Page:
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Re: [WebIDL] Handling undefined in Overload Resolution Algorithm

From: Cameron McCormack <cam@mcc.id.au>
Date: Thu, 04 Aug 2011 12:50:38 +1200
Message-ID: <4E39ECDE.6050704@mcc.id.au>
To: Lachlan Hunt <lachlan.hunt@lachy.id.au>
CC: public-script-coord@w3.org, jonas@sicking.cc, bzbarsky@mit.edu, allen@wirfs-brock.com
On 20/07/11 1:04 AM, Lachlan Hunt wrote:
> Refer to discussion in a Mozilla bug 648722 [1].
>
> When undefined in passed to an overloaded function, the overload
> resolution algorithm should not exclude nullable non-primitive types.

Thanks for all the discussion in the thread.  It sounds like the 
following is what was settled on:

* When undefined is passed, it is always treated the same as if it was
   not passed at all.

* Overload resolution is performed after these undefined arguments at
   the end of a function call are "dropped".

* Anywhere an undefined would help select a nullable primitive type
   during overload resolution, it should help select nullable types
   regardless of the inner type.  (This would still matter in cases
   where explicit undefined is passed in the middle of the argument list,
   and later arguments are not undefined.)


I want to run through what that means with some examples.  In June I 
resolved the open issue about what to do with too few arguments being 
passed -- convert from undefined, or throw -- to throw.  (I couldn't 
find a mail on this list where I announced that resolution; maybe I 
forgot to send it.)  It might be that treating an explicit undefined as 
being like not having passed the argument at all feels inconsistent with 
throwing for too few arguments, not sure.  Anyway:

void f(in float x, in optional float y);

   The two overloads to select between are:
     (float)
     (float, float)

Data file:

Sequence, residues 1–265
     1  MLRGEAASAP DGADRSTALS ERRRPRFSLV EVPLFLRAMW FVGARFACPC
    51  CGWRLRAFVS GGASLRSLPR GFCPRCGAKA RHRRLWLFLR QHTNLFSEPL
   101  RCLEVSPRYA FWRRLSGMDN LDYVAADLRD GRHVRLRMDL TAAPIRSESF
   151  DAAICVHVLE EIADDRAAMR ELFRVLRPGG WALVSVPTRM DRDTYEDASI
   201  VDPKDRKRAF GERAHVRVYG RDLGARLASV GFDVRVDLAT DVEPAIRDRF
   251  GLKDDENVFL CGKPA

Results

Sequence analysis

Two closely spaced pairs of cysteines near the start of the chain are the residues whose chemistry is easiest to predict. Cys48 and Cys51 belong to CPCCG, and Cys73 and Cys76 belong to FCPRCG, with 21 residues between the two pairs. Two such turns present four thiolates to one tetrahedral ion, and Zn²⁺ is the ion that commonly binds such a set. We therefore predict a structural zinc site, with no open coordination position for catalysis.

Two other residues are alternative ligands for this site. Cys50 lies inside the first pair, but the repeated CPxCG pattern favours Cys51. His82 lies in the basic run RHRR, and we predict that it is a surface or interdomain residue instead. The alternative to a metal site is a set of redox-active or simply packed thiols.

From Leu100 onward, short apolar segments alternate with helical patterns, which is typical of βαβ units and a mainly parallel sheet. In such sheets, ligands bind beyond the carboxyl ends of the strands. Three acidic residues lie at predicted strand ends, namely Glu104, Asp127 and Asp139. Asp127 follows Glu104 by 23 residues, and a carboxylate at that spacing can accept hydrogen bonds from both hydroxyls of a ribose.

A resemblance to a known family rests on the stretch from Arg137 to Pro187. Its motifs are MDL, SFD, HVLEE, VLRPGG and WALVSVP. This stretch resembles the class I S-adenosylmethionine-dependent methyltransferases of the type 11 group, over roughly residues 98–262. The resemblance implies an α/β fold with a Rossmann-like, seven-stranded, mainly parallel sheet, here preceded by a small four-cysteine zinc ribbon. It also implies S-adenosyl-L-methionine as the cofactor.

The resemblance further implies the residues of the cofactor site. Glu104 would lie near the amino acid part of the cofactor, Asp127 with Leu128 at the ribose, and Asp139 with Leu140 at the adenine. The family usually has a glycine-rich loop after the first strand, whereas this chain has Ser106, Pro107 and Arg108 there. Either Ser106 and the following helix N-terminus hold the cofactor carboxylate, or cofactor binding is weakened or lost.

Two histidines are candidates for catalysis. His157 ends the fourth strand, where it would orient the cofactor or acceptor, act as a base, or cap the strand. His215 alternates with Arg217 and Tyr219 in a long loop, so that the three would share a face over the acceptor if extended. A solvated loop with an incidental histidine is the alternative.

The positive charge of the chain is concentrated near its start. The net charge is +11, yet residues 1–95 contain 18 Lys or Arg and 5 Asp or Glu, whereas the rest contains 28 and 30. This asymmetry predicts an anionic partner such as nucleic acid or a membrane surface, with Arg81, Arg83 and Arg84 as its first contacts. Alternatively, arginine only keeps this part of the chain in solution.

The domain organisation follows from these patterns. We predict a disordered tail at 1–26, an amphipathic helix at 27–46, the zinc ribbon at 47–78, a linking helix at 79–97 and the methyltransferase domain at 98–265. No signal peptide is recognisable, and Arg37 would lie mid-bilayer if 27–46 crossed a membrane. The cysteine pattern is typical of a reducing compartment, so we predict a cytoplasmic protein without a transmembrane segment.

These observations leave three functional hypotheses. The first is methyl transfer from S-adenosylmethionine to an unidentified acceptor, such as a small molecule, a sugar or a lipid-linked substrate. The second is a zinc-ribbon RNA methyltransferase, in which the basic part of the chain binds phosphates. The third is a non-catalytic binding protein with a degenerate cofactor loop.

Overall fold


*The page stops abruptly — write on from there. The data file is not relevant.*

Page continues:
f() === throw TypeError
   f(undefined) === throw TypeError
   f(null) === f(0)
   f(1) === f(1)
   f(1, undefined) === f(1)
   f(1, null) === f(1, 0)

void f(in float x, in float? y);

   There is only a single "overload":
     (float, float?)

   f() === throw TypeError
   f(undefined) === throw TypeError
   f(null) === throw TypeError
   f(1) === throw TypeError
   f(1, undefined) === throw TypeError
   f(1, null) === f(1, null)

void f(in float x, in optional float? y);

   Overloads are:
     (float)
     (float, float?)

   f() === throw TypeError
   f(undefined) === throw TypeError
   f(null) === f(0)
   f(1) === f(1)
   f(1, undefined) === f(1)
   f(1, null) === f(1, null)

void f(in float x);
void f(in float x, in float y, in float z);

   Overloads are:
     (float)
     (float, float, float)

   f() === throw TypeError
   f(undefined) === throw TypeError
   f(null) === f(0)
   f(1) === f(1)
   f(1, undefined) === f(1)
   f(1, null) === throw TypeError
   f(1, 2) === throw TypeError
   f(1, 2, undefined) === throw TypeError
   f(1, 2, null) === f(1, 2, 0)
   f(1, undefined, undefined) === throw TypeError
   f(1, undefined, 2) === f(1, NaN, 2)
   f(1, null, 2) === f(1, 0, 2)

And finally for the API at hand:

Element querySelector(in DOMString a, in optional Element b);
Element querySelector(in DOMString a, in sequence<Node>? b);

   Overloads are:
     (DOMString)
     (DOMString, Element)
     (DOMString, sequence<Node>?)

   querySelector() === throw TypeError
   querySelector(undefined) === throw TypeError
   querySelector(null) === querySelector("null")
   querySelector("a", undefined) === querySelector("a")
   querySelector("a", null) === querySelector("a", (sequence<Node>?)null)

Let me know your thoughts.
Received on Thursday, 4 August 2011 00:51:20 UTC

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